After the Exodus from Egypt the Jews were so eager to receive the Torah that they counted the days remaining to that great event.1 This was a prelude to the precept of counting the omer which they received later at Mount Sinai.

Throughout the ages, the counting of the omer has remained a preparation to receiving the Torah.2 When the forty-nine days of counting the omer come to an end, the festival of Shavuot (celebrating the giving of the Torah on Mount Sinai) follows immediately.

The counting of the omer finds connection with the giving of the Torah in that both stress the individual. Each person, individually, must count the days of the omer period (from the second day of Passover to the day before Shavuot) as distinct from the communal counting of the seven year cycle and the fifty year cycle. Each seventh year is sh'mitta, "the Sabbatical year"; each fiftieth year is yovel, "the jubilee year." During the yovel and sh'mitta years a number of special laws apply, and the commandment of counting the seven and fifty-year cycles was performed by a Court of Torah Law ("Beth Din") on behalf of all Israel. In contrast, the omer is counted by each person individually.3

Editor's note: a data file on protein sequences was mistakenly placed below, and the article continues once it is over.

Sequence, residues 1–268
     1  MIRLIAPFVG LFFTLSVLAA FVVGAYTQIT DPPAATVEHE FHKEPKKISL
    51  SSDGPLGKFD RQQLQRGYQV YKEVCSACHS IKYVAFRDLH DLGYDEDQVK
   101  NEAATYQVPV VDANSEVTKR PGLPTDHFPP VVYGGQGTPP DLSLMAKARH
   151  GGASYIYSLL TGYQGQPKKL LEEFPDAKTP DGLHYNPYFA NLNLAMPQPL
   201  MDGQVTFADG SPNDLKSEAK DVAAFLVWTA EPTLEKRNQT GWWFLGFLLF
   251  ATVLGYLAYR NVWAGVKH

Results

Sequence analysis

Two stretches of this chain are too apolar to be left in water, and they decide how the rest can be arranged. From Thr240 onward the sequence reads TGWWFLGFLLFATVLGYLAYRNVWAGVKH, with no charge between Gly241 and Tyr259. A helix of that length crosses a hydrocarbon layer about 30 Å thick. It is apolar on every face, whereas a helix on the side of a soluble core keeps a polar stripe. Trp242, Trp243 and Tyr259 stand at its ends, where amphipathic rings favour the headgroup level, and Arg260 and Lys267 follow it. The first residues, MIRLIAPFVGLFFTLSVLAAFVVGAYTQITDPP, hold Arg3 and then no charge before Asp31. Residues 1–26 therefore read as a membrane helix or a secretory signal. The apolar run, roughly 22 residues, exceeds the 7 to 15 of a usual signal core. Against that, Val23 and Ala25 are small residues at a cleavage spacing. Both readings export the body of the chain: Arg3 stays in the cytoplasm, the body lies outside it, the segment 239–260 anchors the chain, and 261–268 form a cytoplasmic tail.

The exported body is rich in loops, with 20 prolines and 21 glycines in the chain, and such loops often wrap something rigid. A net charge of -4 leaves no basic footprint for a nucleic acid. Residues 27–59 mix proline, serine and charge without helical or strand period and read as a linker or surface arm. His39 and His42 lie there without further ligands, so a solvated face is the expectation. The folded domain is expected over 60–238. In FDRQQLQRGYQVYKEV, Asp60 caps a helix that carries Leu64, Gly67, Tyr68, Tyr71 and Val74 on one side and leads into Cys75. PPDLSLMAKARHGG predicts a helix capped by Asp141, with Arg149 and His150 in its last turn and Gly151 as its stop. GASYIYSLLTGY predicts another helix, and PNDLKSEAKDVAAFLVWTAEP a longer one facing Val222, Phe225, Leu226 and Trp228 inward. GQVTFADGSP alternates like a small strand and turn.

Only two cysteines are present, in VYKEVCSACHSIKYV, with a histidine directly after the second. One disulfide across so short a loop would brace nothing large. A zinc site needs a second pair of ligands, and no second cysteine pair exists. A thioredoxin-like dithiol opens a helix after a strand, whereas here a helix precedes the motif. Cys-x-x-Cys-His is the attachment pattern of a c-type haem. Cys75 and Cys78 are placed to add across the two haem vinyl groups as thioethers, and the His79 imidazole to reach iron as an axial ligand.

In similar fashion the receiving of the Torah was not a communal, collective experience; the Al-mighty addressed each and every individual separately: "I am G‑d your G‑d."4 In Hebrew there are two ways of saying "your G‑d," the singular mode when addressing one individual and the plural form when addressing two or more people. Yet, when G‑d addressed the entire Jewish nation, several million in number, the singular form was used "I am G‑d your G‑d." To each one of Israel individually the Al-mighty gave the Torah; to each He commanded that they study and fulfill all 613 mitzvot.5 Each was infused with Divinely-granted strength and ability to fulfill the Torah.

Don't get lost in the crowd. Stand up and be counted.

Each day counts; each Jew counts; each mitzva counts.6